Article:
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On December 23, 2021, Prospect announced it had executed a binding agreement with Huayou for the sale of its 87% interest in the Arcadia lithium project for approximately US$378 million.

“From the gross sales of A$528m, we estimate the company will need to pay Zimbabwe capital gains tax of approximately US$30m (A$42m), plus US$15m across transaction costs (legal, adviser fees, etc) and a damages fee on breaking its existing offtake agreement,” the research firm said in its note.

“The transaction is also expected to complete in late first quarter or early second quarter of 2022, the company still expending on corporate expenses, likely exploration, and new projects development up until then.”

“In summary, we estimate PSC (Prospect) will have approximately A$500m after deducting expenses and tax, and including cash prior to transaction announcement (ca A$23m) and from in-the-money options we expect to be mostly exercised (A$11m).”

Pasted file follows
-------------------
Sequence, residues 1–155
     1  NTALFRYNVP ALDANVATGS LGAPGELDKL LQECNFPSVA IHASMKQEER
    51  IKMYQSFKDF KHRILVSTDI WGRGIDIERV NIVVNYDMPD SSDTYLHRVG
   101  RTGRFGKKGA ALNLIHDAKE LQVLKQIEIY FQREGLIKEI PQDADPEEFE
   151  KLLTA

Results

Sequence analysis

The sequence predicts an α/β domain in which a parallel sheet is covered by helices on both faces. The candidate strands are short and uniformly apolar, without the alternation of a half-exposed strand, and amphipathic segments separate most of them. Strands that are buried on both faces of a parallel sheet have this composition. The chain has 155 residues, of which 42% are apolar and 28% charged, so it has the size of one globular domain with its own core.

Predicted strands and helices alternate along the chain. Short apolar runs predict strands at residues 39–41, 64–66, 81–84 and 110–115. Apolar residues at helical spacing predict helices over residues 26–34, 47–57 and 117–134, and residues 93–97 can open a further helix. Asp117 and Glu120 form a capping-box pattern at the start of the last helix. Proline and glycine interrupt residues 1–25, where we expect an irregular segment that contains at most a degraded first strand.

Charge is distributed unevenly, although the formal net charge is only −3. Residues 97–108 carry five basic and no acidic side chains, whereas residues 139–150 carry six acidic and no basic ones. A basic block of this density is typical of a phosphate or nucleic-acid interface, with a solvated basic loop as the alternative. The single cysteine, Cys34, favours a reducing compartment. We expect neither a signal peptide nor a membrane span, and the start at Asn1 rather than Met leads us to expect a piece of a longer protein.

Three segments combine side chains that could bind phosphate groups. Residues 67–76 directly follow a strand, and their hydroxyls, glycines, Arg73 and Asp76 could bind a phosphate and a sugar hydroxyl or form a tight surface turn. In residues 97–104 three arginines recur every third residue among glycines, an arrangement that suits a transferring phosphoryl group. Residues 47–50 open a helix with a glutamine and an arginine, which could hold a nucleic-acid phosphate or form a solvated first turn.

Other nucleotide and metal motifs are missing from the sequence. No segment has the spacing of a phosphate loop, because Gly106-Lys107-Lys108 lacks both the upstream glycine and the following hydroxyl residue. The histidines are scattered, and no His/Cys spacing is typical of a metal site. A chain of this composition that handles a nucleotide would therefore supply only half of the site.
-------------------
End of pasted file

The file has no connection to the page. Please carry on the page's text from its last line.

Subject to and following completion of the sale, Prospect said it intended to retain a cash balance of up to US$50m (A$70m), with the balance intended to be distributed to shareholders.

Key conditions precedent includes Prospect shareholder approval, Chinese regulatory approvals for Huayou, Zimbabwe government approval, and termination of existing offtake.

Given the extensive due diligence undertaken, the competitive tension, and number of parties that submitted proposals during the partnering process, Prospect expected low risk of the transaction not completing.

“We understand that the Zimbabwean government is supportive of the transaction, especially with Huayou’s demonstrable mining experience in Africa and sizeable balance sheet. The other shareholders of Arcadia, who own 13%, have also agreed to sell their interest to Huayou,” it said.

This means Huayou would pay up to US$422 million to assume full control of the operation.

The broking firm said Huayou had paid a deposit of US$20m to Prospect, which is non-refundable in certain circumstances if the transaction does not complete, including Chinese regulatory approvals not obtained.

A standard no-shop, no-talk US$20m break-fee is payable by Prospect should the sale not be concluded in certain circumstances.

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